Her eyes were swollen and crusted shut. I had never seen anything like it. She was quietly and blindly standing there, probably unable to figure out what to do and likely paralyzed by fear.
I gently took her in my hands and brought her inside to warm her up. I pulled out the butterfly enclosure and placed her in there rigging up a little nest in a box with a perch. Quickly, I got online and after an extensive 5-minute research surmised she had a disease called Mycoplasmal Conjunctivitis, a fast-spreading disease among finches. Symptoms are similar to the familiar human-type conjunctivitis but it’s actually a respiratory illness and very serious to birds – not to humans. We cannot catch their conjunctivitis. A bird’s behavior with this illness is notably different. They may not move from a spot at the feeder, or they fly slowly or more erratically due to lack of sight, they may stay within a more confined space, and they wipe their heads on objects like feeder perches, branches, or your finger (the experts will tell you – don’t do what I did). This is because they’re trying to get the goop off their eyes so they can see.
Using Q-tips and warm water, I gently cleaned the crust from her swollen eyes. What’s most surprising is she let me do so without any struggle. She was able to open one eye and eventually, after some additional cleaning, the other but to a lesser degree. Perching on my finger, she looked around. Totally chill or maybe in shock. Another call to Wildlife Images and another bird handed off to their clinic.
In only a few weeks, Wildlife Images healed both birds. Lil Junco had some kind of inflammation that was throwing him off balance, and Lil Lady Finch received antibiotics. They both were back to normal. The coolest part? They let me bring the birds back home for release. Not the norm folks, but I practically work there now. 😊
Two Important Ways You Can Help Your Backyard Birds
1. Keep your feeders clean.
If you see a bird that is acting strangely at your feeder, take it down. The feeder not the bird. Once a week, when the feeder is empty, I spray it with alcohol making sure all the perches and feeding holes have been disinfected. Every few weeks, it goes in the dishwasher. The only purpose our dishwasher serves is to wash things used by animals.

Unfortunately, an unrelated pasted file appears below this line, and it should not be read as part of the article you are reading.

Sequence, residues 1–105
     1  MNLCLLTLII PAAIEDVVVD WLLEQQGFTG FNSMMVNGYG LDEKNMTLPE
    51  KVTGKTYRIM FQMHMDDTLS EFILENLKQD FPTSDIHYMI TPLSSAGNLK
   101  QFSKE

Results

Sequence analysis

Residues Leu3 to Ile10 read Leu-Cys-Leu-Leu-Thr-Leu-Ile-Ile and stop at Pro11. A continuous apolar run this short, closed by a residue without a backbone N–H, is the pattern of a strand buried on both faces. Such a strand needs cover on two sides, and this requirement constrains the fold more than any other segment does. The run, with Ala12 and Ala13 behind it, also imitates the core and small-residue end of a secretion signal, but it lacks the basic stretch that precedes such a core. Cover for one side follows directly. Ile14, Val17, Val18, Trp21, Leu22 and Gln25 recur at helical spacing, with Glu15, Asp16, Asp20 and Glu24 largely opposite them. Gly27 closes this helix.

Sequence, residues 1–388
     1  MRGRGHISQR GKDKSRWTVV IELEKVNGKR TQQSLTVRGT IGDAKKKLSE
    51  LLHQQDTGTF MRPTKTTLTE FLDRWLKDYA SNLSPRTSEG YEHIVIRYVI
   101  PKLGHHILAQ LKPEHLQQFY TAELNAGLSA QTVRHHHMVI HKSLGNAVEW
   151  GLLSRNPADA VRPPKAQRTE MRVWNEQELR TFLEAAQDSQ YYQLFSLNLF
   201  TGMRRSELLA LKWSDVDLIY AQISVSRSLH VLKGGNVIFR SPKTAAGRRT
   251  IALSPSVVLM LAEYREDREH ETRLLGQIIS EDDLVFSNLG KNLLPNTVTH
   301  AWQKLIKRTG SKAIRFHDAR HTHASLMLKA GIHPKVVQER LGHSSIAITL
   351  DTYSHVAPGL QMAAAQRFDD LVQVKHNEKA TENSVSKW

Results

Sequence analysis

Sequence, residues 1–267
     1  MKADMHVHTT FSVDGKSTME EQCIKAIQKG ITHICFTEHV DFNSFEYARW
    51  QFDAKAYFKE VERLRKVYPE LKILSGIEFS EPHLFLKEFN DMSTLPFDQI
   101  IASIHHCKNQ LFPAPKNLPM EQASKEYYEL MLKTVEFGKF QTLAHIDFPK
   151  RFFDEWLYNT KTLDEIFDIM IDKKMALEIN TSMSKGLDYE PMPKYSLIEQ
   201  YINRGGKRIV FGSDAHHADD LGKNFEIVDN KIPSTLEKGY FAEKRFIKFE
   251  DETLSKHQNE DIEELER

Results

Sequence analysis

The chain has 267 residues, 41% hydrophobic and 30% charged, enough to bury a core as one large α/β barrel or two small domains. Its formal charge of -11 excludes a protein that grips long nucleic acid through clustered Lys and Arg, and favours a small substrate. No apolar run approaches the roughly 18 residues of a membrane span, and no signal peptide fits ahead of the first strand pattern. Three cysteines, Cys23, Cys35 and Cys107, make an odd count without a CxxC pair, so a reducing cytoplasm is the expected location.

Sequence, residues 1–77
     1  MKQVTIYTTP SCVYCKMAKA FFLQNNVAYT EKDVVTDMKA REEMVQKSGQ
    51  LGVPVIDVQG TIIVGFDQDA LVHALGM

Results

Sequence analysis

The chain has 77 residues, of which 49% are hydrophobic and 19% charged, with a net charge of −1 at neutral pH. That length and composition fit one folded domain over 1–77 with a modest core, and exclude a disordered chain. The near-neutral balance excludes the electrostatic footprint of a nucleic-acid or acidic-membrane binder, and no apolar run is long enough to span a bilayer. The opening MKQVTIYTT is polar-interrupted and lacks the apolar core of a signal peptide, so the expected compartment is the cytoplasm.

2. Prevent Window Collisions
I’ve buried too many birds in Oregon due to the toxic combination of a sunny day and a clean window. Dozens of decals later, we figured out where to place them to avoid fatalities.
Up to 1 billion birds die each year from window collisions. Go outside and look at your windows on a sunny day. Chances are, you’ll see tree reflections. It looks like an expansive and dreamy place to fly. Very dangerous if there is nothing on the window to deter your feathered friends. Here’s what you can do:
a) Be lazy and keep dirty windows or
b) Apply decals to the outside of windows. Decals must be placed 2-4 inches apart. Resources: ABC bird tape, etched glass decals, decorative decals, adhesive dot pattern, solyx window film, ultraviolet decals, Bird’s Eye View and CollidEscape.
Audubon society has some additional suggestions.
More info here on bird strikes and how to prevent them.
Are You Certain that Animal is in Need of A Rescue?
Check for signs of distress: trembling, blood, broken bones or wings, limps, hobbles, inability to fly, a dead parent nearby. Folks at Wildlife Images told me they get a lot of baby birds in the spring, because folks see the little ones on their own, barely able to fly. Do not touch those babies until you know they are injured. Many baby birds are being closely watched by their parents as they figure out life. Just because you see a baby bopping around, doesn’t mean it’s been abandoned.
Read More Do More
- Read more about what to do with injured, orphaned wildlifehere
- Check out the Wildlife Rehabilitation Information Directory.
- Humane Society’s Directory for Wildlife Rehabilitators
We can all take action to protect our local nonhuman neighbors whose existence is growing increasingly dependent upon us as we continue to encroach on their habitats.
Just for fun! Some of the critters we see on our property.
And THIS – a near nightly event! Pump up the volume!
Full Disclosure: Shortly after starting this post over a year ago, the cycle of life stepped in and took priority over everything in my life. I now no longer live in Oregon. But I was driven to complete this post, because the message is still relevant.
On to the next adventure to be disclosed sooner than later! Ciao!